Therefore, CAN calls on Parties at COP 20 to develop additional guidance on the system for providing information on how the REDD+ safeguards are addressed and respected. If Parties rely on the current inadequate and vague guidance from Durban, they will both miss an opportunity and endanger the long-term success of the REDD+ mechanism.
The UNSG's Climate Summit today contributed to the growing sense that the fossil fuel era is ending and delivered some momentum towards an international climate agreement to be signed in Paris next year, according to civil society groups organized in two major networks.
A small but growing number of countries joined UNSG Ban Ki-moon and actor Leonardo diCaprio to confirm the need to speed up the switch from fossil fuels to 100% renewable energy, such as Samoa, Tuvalu, Costa Rica and Denmark. Other countries, like Sweden, Trinidad and Tobago, Ethiopia and Iceland pledged to go carbon neutral by 2050.
While the Summit produced positive signals and some money on the table for climate action, many governments came to New York today to merely restate what they are already doing. As the almost 700,000 people who joined the Peoples Climate marches over the weekend know, what they are already doing is not nearly enough.
"Leaders in New York, including US President Barack Obama, acknowledged they can no longer act against the will of the people. And on the weekend, the will of the people was made profoundly clear. Mums and dads, people of faith, progressive business leaders, union members and youth - all are already taking action in massive numbers, and they expect Heads of Government to join them and do more, now." Climate Action Network director Wael Hmaidan said.
"Government leaders have the choice to lead the orderly transformation of our societies or to end up on the wrong side of history."
China should be commended for signaling its intention to peak emissions as soon as possible. Such moves along with more ambitious actions by the US - which President Obama hinted at - could accelerate negotiations towards the global climate agreement due next year. We now need them to translate their positive rhetoric into concrete commitments – carbon cuts and climate finance for the world’s vulnerable nations.
Christian Aid’s Senior Climate Change Advisor Mohamed Adow said, "those countries that are hawking old goods today have to go back to their capitals with a renewed determination to get their countries on the right path with the words of the Marshall Islands', Kathy Jetnil-Kijiner ringing in their ears, who said in the opening ceremony on behalf of civil society "We deserve to not just survive. We deserve to thrive."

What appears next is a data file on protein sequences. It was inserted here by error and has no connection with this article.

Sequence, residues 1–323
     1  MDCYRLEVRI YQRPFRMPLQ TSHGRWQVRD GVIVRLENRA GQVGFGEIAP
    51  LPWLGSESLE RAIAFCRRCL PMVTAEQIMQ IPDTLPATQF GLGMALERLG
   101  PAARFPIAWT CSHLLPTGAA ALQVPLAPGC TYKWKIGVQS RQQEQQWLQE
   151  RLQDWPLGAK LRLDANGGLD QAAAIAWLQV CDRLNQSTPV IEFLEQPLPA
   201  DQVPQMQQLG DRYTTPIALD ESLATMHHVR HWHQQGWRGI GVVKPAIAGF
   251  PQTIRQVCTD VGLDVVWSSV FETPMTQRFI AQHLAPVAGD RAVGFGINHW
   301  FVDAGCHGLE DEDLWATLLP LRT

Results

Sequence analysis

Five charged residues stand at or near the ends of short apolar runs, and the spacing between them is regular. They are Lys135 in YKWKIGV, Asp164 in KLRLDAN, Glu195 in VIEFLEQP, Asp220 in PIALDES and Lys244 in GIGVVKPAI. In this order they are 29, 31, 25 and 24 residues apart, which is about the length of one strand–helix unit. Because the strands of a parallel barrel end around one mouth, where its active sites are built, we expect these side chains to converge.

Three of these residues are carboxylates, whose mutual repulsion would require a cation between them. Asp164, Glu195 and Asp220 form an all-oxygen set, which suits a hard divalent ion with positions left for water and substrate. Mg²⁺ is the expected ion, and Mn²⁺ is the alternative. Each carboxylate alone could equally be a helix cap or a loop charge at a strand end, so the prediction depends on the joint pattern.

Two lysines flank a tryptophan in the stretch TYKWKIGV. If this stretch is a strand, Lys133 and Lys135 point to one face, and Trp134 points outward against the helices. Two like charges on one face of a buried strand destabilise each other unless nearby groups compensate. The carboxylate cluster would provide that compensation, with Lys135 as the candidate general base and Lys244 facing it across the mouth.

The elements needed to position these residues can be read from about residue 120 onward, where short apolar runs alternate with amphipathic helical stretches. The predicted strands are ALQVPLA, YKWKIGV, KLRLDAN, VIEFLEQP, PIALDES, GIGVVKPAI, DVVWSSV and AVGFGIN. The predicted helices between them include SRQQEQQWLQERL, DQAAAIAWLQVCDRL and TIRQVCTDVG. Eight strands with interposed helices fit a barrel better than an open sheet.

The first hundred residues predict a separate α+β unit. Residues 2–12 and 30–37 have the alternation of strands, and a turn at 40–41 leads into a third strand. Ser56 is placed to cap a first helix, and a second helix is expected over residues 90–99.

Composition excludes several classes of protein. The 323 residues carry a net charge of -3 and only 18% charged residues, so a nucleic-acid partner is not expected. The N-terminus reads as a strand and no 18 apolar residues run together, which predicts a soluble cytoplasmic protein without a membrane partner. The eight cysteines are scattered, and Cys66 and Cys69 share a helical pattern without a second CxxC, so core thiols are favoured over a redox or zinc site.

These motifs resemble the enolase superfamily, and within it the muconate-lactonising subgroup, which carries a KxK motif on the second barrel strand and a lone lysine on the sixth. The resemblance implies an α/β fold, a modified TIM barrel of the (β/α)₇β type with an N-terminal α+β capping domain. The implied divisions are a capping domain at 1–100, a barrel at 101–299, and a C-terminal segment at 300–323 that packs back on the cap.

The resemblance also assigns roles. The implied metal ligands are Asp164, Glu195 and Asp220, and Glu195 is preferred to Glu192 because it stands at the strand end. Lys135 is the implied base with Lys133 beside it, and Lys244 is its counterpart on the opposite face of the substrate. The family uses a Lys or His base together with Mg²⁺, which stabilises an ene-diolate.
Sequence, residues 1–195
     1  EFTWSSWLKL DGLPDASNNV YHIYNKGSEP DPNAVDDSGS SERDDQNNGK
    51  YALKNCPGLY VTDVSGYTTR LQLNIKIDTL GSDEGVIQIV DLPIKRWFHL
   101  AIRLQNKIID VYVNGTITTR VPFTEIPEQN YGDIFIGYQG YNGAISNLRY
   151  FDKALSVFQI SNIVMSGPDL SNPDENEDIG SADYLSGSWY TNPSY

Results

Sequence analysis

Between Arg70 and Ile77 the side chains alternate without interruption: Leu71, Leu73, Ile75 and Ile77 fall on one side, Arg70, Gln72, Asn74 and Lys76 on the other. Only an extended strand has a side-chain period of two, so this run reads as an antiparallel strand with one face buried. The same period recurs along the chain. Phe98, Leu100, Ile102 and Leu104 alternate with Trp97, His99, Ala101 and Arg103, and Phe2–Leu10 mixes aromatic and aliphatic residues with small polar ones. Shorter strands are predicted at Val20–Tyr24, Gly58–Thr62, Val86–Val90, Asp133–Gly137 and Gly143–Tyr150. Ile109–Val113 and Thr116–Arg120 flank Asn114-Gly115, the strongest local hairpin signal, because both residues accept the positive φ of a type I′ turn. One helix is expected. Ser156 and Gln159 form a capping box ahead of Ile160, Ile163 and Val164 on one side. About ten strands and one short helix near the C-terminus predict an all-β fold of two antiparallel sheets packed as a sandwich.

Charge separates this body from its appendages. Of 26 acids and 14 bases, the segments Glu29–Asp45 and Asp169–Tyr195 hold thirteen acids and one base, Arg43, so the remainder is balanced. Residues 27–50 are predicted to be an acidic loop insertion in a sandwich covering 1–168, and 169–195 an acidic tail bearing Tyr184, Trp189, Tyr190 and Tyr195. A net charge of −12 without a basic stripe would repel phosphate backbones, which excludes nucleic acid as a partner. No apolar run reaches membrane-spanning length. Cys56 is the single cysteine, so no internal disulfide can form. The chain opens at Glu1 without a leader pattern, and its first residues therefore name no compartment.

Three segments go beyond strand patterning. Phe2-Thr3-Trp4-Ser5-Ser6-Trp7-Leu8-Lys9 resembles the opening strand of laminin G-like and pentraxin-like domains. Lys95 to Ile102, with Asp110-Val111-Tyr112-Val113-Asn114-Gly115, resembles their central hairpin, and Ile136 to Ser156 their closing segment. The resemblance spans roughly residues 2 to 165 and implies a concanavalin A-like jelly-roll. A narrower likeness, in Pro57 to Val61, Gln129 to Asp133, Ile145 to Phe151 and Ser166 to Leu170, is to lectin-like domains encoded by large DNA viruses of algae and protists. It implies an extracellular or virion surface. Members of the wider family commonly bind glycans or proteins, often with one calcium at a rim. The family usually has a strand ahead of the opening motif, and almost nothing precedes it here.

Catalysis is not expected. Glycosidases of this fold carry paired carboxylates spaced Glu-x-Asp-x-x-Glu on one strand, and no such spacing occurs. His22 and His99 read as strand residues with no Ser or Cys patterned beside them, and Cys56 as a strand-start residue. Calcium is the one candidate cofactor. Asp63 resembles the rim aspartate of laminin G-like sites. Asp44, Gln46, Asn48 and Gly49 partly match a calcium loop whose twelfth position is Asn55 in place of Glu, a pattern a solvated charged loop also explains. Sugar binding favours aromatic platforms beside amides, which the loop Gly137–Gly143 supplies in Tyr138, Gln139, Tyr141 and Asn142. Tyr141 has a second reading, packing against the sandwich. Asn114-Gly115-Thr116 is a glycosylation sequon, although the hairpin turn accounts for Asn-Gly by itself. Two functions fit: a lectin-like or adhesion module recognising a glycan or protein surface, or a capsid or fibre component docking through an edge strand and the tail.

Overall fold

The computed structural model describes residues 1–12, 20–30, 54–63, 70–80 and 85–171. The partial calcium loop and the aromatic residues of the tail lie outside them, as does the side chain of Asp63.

- Ria Voorhaar, CAN International, email: firstname.lastname@example.org, phone: +49 157 3173 5568
- Christian Teriete, GCCA, email: email@example.com, phone: +49 176 8050 7753
About CAN and GCCA
Climate Action Network (CAN) is a global network of over 900 NGOs working to promote government and individual action to limit human-induced climate change to ecologically sustainable levels. More at: www.climatenetwork.org
The Global Call for Climate Action is an international network of diverse non-proﬁt organizations working to mobilize civil society and galvanize public opinion in support of climate action. More at: www.tcktcktck.org
Further statements here
Pacific civil society groups are extremely disappointed Australian and New Zealand leaders will not join island neighbours at a global climate summit in New York this week.
Pacific Islands Climate Action Network (PICAN) convenor Shirley Laban said the decision by Tony Abbott and John Key not to attend the UN Climate Summit, on September 23, was ‘alarming and disheartening’.
Organised by UN chief Ban Ki Moon, the summit is intended to provide momentum for a global pact to tackle climate change, with an agreement expected to be finalised in Paris next year. More than 120 world leaders, including US president Obama and UK prime minister David Cameron, will be attending the climate meeting.
Leaders from almost all Pacific island countries will be attending, and demanding strong commitments from polluting nations. Australian prime minister Tony Abbott will also be in New York this week to attend a special UN security council meeting on terrorism. However he has ruled out attending the Climate Summit.
Ms Laban said Abbott’s decision not to attend the summit sent a strong message to island neighbours that Australia was not serious addressing global climate change.
‘A changing climate presents a clear and present danger for Pacific island countries,’ said Ms Laban. ‘If Australian and New Zealand leaders refuse to do their share to address the issue, they send a very poor signal to the global community. Pacific communities will reap the devastating consequences of their failure to act for generations to come’.